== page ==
was a chestnut burr, abounding with briers without and with substantial goodness within. He had the strong-grained practical sense, the calculating worldly wisdom of his class of people in New England; he had, too, a kindly heart; but all the strata of his character were crossed by a vein of surly petulance, that, half way between joke and earnest, colored every thing that he said and did.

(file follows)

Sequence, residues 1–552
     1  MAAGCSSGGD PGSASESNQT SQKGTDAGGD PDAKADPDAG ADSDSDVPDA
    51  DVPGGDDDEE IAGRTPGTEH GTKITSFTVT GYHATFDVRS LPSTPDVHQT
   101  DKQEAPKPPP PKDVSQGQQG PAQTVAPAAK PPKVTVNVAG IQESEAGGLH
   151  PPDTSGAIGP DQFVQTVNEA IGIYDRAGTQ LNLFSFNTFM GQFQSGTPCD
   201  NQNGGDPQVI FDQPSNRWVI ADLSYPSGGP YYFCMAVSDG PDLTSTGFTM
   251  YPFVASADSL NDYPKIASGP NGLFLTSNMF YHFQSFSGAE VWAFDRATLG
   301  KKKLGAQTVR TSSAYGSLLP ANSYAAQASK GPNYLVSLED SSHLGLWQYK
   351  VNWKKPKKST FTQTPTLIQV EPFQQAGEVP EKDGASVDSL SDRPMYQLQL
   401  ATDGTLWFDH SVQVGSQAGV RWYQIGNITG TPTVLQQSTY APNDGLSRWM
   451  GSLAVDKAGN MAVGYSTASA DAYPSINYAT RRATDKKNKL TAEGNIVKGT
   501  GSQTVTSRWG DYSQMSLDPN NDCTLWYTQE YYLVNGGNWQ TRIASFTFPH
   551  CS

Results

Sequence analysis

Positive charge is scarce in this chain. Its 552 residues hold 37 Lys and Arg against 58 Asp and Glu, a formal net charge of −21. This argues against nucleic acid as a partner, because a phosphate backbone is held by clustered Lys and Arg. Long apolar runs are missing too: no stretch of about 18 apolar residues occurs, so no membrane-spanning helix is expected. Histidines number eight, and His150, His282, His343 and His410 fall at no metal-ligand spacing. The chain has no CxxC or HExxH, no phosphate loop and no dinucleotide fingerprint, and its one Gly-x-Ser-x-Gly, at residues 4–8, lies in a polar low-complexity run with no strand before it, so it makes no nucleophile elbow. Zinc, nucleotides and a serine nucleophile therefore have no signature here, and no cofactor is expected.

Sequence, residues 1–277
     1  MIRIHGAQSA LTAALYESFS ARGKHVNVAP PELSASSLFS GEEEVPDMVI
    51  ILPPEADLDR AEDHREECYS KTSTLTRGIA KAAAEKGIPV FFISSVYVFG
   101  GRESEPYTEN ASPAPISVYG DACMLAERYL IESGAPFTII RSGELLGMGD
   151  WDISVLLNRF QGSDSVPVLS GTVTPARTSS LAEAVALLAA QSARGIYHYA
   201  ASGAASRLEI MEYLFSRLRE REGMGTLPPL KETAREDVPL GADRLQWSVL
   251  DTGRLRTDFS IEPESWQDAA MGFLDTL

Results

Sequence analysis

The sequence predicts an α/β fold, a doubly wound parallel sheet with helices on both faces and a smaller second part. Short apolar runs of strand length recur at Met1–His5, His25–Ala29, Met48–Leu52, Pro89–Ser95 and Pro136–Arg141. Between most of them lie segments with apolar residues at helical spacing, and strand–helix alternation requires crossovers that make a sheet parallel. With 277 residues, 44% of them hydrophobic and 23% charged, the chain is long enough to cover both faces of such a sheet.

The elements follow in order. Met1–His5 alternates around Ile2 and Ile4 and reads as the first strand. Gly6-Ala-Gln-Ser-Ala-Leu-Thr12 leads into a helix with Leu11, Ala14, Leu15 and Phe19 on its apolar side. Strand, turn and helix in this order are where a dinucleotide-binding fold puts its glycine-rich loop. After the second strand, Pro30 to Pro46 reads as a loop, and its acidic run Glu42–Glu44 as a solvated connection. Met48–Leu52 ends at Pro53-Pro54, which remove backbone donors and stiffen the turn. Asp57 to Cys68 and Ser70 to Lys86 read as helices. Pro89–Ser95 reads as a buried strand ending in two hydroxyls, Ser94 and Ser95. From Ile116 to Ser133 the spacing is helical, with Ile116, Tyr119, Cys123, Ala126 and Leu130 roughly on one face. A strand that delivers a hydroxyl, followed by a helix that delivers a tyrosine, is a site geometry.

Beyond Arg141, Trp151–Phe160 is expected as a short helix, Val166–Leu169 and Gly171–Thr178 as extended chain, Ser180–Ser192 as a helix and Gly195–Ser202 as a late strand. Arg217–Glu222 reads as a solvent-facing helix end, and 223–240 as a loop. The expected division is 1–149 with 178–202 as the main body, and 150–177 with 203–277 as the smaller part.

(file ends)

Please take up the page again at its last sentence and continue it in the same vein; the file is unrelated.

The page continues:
If you asked a favor of Uncle Lot, he generally kept you arguing half an hour, to prove that you really needed it, and to tell you that he could not all the while be troubled with helping one body or another, all which time you might observe him regularly making his preparations to grant your request, and see, by an odd glimmer of his eye, that he was preparing to let you hear the "conclusion of the whole matter," which was, "Well, well--I guess--I'll go, on the hull--I 'spose I must, at least;" so off he would go and work while the day lasted, and then wind up with a farewell exhortation "not to be a calli
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